Perception Changes Genes, and Good Therapy Changes Perception
This isn’t a whimsical fancy. It’s science, it’s epigenetics.1 It’s not just about inheriting the consequences of a forebear’s negative environment, but changes that can take place when you control your social environment.
The importance of perception is what I learned from a remarkable therapist and unwitting mentor, Saadia McLeod. Looking back I certainly wasn’t an easy patient. After a break-up, for about 10 years I had completely isolated myself. I literally had no friends. I might get one or two calls a month at most, albeit not from friends since, again, I had none. I left the house only three or four times a month; to see my therapist, or my psychiatrist, and to pick up meds. Isolation is certainly not uncommon in people with bipolar disorder or clinical depression, but I had reached a point where my fear of change would make any hope of remission impossible.
I was hospitalized for bipolar disorder 14 times throughout my life, for attempts like overdoses downed with a bleach and ammonia cocktail, or going inpatient for suicidal depression and med adjustment. The last time, my dad had clearly seen where this pattern would take me. He said “We don’t want to have to visit you at Live Oak. That’s where this is going.” It was an odd thing to say, I thought at the time. Then it dawned on me. Live Oak was a cemetery near here. Suddenly the recent spate of pamphlets from local cemeteries around here made sense. They had come to suspect I would not survive the next attempt.
The worst part of isolation is the detachment from reality it inevitably develops. It is much easier to believe you’re worthless when there are no people to tell you that you aren’t. It is much easier to believe the monstrous delusion that solitude is preferable to supportive company when you have learned to avoid human contact. Being able to pick up the phone and call someone was an impossibility for me for many years.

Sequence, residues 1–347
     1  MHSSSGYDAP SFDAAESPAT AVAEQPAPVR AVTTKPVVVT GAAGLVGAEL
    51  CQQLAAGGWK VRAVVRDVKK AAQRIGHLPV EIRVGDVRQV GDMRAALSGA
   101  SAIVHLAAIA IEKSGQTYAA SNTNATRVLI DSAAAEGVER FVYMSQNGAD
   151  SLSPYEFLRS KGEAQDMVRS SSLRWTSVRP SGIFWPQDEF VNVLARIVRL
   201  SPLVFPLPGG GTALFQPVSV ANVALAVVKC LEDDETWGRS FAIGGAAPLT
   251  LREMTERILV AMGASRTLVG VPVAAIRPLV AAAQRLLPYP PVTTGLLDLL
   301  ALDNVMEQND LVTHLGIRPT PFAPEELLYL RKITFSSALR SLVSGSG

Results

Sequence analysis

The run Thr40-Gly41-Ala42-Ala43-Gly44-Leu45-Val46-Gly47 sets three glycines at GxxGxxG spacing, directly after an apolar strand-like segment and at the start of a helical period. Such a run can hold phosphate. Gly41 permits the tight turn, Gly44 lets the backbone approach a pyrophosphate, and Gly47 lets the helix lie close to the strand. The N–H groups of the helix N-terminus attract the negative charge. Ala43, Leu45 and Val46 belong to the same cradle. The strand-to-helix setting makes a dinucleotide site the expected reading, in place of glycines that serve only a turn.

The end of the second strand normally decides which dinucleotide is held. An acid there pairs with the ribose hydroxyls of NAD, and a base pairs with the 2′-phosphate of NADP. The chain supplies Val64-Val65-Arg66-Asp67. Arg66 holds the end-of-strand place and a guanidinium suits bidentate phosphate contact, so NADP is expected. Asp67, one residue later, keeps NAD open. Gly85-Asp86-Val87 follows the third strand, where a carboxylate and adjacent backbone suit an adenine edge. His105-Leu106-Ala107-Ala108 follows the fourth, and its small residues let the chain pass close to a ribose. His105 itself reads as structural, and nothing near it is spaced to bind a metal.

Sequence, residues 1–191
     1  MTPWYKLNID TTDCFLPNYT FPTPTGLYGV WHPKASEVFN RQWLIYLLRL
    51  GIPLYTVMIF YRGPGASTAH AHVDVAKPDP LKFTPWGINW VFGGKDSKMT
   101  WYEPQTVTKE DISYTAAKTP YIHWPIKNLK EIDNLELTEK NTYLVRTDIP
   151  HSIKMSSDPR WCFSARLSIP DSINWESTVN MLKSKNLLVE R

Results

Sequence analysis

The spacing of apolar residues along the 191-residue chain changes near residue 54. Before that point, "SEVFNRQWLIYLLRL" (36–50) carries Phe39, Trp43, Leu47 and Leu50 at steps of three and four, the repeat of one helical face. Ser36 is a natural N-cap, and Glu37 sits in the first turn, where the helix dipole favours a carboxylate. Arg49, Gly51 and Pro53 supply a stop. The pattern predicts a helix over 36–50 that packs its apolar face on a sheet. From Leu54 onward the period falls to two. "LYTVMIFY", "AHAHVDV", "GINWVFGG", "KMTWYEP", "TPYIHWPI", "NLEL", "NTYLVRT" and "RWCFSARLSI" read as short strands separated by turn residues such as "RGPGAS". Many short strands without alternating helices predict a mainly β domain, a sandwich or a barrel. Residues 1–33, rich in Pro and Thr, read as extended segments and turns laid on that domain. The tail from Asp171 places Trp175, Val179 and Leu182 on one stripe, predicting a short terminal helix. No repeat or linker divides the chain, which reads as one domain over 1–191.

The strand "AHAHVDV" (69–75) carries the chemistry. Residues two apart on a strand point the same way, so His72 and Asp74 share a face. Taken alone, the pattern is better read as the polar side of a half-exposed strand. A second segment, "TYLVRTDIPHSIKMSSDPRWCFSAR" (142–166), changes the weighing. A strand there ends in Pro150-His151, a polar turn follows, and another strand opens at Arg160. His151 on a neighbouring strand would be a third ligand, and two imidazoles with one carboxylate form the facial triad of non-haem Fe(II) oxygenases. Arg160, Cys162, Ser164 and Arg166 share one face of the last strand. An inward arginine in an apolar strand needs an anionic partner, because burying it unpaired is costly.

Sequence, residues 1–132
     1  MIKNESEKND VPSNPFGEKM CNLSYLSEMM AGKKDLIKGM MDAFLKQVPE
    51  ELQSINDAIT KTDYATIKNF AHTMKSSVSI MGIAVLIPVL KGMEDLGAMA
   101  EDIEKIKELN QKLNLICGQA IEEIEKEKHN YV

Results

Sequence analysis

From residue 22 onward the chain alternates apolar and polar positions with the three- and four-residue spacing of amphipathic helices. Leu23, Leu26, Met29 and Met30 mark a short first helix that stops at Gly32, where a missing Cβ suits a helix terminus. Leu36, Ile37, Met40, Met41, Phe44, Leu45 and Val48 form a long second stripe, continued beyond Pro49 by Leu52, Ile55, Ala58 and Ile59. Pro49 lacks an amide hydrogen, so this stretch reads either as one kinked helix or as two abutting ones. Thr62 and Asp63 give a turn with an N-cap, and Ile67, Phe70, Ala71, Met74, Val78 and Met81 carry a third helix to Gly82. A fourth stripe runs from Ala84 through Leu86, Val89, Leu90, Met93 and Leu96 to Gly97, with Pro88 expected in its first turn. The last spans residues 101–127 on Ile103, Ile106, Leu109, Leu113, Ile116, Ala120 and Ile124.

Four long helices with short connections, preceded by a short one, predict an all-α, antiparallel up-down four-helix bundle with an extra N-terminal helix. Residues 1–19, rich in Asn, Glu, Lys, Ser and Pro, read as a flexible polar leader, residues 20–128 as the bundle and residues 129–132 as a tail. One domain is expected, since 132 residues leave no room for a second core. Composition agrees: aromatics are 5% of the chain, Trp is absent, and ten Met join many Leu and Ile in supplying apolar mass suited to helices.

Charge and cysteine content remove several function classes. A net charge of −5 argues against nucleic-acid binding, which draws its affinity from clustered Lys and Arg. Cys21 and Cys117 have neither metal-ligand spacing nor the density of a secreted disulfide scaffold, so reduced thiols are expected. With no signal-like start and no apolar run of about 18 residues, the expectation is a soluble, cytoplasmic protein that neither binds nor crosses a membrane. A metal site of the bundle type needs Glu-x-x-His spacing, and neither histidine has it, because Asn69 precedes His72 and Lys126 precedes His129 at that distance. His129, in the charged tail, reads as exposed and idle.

Isolation is without a doubt one of the most devastating conditions in the human experience. It’s used in prisons to punish, or even torture if coupled with sensory deprivation. It is the detachment from reality that makes up the punitive element of isolation yet, in the throes of depression this punishment is imposed on ourselves and we find ways to rationalize it. To this day it takes a heroic effort for Saadia to remind me of the cognitive fallacies I often succumb to; the dangerous misperception of reality that led me to situations like this.
We are all about perception. We know from epigenetics that perception changes genes. Isolation makes it easy to perceive a world wherein you are worthless and alone, for example. We need to be around people who remind us that we are not alone, or worthless, weak, defective, lazy, or any of the endless epithets we encounter daily.
Consciousness changes your DNA, and good therapists and support groups are dedicated to nurturing and protecting that consciousness. You don’t stumble unto a reality you didn’t create. For the most part, in every aspect dependent on your decisions, your reality was created by you and your beliefs about yourself. The depressed mind distorts perception, however, and makes it almost impossible to construct a positive reality unless it is constantly corrected. When healthier, and only then, the best way to predict your future is to create it.